Many people believe that investing in the stock market is a very risky prospect and that you need to be an expert to make any money at it. This is far from the truth as many ordinary investors have found that they could make a tidy profit investing in the stock market. There are a number of investing rules that are used by smart investors to ensure that they are making good investment choices. These rules will work for anyone that is interested in investing, regardless of the amount that you have available to invest.
Sell Off Big Spenders
One investing rule that many smart investors live by is they sell off stocks of companies that like to spend large amounts of money. Companies that make huge acquisitions, spend a fortune on a new headquarters, or overdiversify should be looked at carefully to determine whether the time has come to sell the stock before it significantly drops in value. Companies that spend a great deal on executive compensation should also be avoided.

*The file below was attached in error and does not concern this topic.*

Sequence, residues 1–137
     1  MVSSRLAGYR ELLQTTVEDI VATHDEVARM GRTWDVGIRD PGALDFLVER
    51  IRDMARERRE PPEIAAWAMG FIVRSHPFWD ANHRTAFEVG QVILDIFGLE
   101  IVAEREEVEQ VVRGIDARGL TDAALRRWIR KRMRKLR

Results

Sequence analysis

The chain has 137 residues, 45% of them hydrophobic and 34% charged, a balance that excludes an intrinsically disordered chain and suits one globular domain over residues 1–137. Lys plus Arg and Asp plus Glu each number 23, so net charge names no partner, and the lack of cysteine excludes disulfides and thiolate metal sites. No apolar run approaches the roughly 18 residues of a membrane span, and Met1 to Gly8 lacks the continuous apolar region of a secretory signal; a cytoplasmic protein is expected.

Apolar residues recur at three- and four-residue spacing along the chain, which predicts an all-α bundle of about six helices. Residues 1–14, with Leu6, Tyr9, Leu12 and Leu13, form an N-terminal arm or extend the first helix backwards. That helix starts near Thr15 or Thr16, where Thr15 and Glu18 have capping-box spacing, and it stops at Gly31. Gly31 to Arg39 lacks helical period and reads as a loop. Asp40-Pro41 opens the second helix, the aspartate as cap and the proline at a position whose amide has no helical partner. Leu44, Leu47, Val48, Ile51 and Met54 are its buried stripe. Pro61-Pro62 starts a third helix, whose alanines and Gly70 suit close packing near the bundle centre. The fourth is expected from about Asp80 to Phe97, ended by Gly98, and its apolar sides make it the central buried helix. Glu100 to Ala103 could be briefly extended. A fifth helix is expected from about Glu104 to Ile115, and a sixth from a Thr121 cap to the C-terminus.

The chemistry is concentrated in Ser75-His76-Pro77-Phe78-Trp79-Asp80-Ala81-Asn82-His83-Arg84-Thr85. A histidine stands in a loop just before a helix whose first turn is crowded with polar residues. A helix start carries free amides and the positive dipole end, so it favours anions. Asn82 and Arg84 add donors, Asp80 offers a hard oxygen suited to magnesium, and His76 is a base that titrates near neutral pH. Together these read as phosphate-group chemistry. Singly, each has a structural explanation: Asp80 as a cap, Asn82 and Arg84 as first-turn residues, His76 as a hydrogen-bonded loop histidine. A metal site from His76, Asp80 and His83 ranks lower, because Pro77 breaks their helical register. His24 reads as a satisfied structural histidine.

Conflict Is Not A Good Thing
You do not want to hold on to stocks for companies where management routinely picks fights with analysts or hedge funds. Frequent collisions between the board and the investors or between members of the board are also an indication that it may be smart to sell off the stock. Principals that are more interested in fighting with each other than building and running the company are very bad for business.
Sell When The Top Executives Sell
When the top executives of a company begin selling a lot of their stock, it is a sign that you should be following suit. Even though these executives will always have a plausible reason for doing so at the time that they choose, executive stock sales have proven to be a good indicator of where the stock is headed in the near future. Keep an eye out for stories of executives selling stock in a company that you have invested in.
Avoid Boom Cycles
One of the fastest ways to lose money in the stock market is to get caught up in the boom and bust cycle of a particular industry. Avoid all stocks from industries going through an investment boom because the natural order of things predicts a massive overcapacity in the near future and a subsequent collapse of the stock price. It is very rare for an investor to come in at the bottom of the curve and ride the crest to sell at the top price, and those that try often find that they have lost more than they have earned.